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Factory Farm Beef

Do you know where your beef comes from?
English: Cows

English: Cows (Photo credit: Wikipedia)

Most of our beef comes from factory farms. A factory farm is unlike a family farm.  On a factory farm, there are no roaming cows grazing on beautiful, green grass as the sunshine warms their backs, instead they are packed in massive feeding lots and spend their days standing in their own waste. On a family farm, cows eat grass, where as factory farm cows eat grain. Cows do not normally eat grain. In fact, grain has to be slowly introduced to factory farm cows. If they are fed too much grain too fast, it will cause them to die. By feeding cows grain, they are ready for slaughter a year faster than grass-fed cows. Cattle on factory farms are also injected with estrogen growth hormones to increase muscle mass and trim fat. Estrogen hormone replacement is no longer recommend for women during menopause due to cancer risk. However, the FDA seems to think its okay if we eat cows that have been injected with estrogen. Cows injected with growth hormones can have residue left on the beef that we eat. Excess estrogen hormones in our bodies are linked to possible obesity and cancer risk. In addition, cattle on feed lots are feed  sub therapeutic doses of antibiotics to try to prevent disease on the feed lots. Still, even with sub therapeutic doses of antibiotics, cattle get sick from living in crowded, manure infested conditions. Sick cattle are given more antibiotics.  Seventy percent of all antibiotics are consumed by animals in the U.S….and then we consume the animals. How can this possibly be good for us? I have my doubts about our government agencies looking out for us.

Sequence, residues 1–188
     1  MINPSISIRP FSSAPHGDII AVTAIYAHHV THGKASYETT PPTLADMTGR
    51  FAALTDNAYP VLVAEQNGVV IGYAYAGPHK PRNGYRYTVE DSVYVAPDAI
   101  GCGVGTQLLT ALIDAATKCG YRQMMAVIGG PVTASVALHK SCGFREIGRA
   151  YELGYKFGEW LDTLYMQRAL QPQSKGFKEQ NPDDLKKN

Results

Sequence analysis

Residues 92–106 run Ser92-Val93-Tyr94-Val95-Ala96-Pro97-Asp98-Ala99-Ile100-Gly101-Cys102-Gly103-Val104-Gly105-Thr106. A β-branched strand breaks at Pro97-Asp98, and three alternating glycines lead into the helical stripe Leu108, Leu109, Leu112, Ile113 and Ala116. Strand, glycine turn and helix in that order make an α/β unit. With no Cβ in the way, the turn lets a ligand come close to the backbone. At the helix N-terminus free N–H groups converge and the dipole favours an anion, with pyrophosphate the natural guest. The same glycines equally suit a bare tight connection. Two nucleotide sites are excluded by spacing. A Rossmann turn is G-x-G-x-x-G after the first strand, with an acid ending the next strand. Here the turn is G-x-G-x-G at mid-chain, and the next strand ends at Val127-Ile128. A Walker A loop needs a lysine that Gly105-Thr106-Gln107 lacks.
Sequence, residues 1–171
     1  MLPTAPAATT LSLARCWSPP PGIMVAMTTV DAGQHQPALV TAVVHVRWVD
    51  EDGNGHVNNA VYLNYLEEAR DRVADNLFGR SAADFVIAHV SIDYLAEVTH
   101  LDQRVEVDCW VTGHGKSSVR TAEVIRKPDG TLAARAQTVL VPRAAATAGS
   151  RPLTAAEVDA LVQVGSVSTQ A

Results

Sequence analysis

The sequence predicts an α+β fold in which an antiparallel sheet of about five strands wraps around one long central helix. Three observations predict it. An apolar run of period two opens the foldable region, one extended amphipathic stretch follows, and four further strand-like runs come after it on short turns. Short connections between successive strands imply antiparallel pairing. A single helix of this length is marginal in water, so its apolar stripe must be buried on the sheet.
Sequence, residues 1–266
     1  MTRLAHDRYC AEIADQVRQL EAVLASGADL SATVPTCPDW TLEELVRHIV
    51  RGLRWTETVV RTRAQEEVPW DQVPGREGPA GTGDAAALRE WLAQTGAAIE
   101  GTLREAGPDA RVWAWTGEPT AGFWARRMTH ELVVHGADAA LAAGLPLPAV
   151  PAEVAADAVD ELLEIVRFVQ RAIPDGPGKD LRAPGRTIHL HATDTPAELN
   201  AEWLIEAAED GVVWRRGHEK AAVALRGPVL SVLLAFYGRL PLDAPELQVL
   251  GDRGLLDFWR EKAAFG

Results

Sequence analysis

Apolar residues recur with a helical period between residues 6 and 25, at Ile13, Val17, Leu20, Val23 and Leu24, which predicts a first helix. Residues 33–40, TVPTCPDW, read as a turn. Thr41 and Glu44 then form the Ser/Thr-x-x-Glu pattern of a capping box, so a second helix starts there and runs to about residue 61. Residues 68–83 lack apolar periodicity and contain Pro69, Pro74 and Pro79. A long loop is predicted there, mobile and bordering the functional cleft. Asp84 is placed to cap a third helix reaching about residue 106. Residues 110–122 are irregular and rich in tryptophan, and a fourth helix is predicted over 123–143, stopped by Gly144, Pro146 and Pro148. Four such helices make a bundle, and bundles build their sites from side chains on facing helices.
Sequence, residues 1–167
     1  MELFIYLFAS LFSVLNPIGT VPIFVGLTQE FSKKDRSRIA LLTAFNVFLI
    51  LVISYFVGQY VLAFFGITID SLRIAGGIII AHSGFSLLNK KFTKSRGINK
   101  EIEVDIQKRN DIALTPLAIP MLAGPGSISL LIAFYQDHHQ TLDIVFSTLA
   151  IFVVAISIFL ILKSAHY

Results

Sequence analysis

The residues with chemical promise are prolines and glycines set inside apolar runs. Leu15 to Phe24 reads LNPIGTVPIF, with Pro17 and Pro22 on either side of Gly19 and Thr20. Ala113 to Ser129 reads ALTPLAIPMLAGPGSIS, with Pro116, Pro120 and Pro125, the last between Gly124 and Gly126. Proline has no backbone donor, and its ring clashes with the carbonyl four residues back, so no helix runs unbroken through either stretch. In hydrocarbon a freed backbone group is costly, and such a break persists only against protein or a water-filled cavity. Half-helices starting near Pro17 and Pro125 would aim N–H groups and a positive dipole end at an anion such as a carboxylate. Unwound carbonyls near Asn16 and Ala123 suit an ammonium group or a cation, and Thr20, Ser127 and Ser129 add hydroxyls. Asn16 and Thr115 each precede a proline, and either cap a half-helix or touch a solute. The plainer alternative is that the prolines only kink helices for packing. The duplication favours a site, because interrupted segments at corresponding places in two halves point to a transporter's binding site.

Harris Ranch feedlot in California
A downed cow with her calf

Disease and environmental pollution are a byproduct of factory farms. Over 500 million tons of manure are produced by factory farms each year . Yes, that’s right, 500 million tons of manure. These animals are standing around in an endless sea of E coli ridden manure, waiting to be slaughtered. Steak, anyone ? Open waste lagoons on factory farms are the size of several football fields. These over sized cesspools are contaminated with hormones, antibiotics and E coli. The run off from the waste lagoons on factory farms causes environmental pollution in our water ways. The main source of the E coli contamination, in the rivers and streams, is believed to come from factory farms.
Eating beef that comes from a factory farm isn’t just poor quality meat that is obtained by the mistreatment of animals, it encourages the continual assault on the environment.
What you can do to make a difference:
  •  Purchase grass-fed beef instead of conventional beef from a factory farm.
  • Consider observing meatless Monday’s, or choose other days in the week to go meatless.
  • Call your local grocer and ask them to supply your store with grass feed beef.
  • Support your local farmers market. Purchasing local food keeps money from going to factory farms.
  • Take action here with Farmland. org

* Sources: Organic Consumers Association, National Resource Defense Council, Frankensteer, Live Strong

*Factory Farm photo courtesy of Farm Sanctuary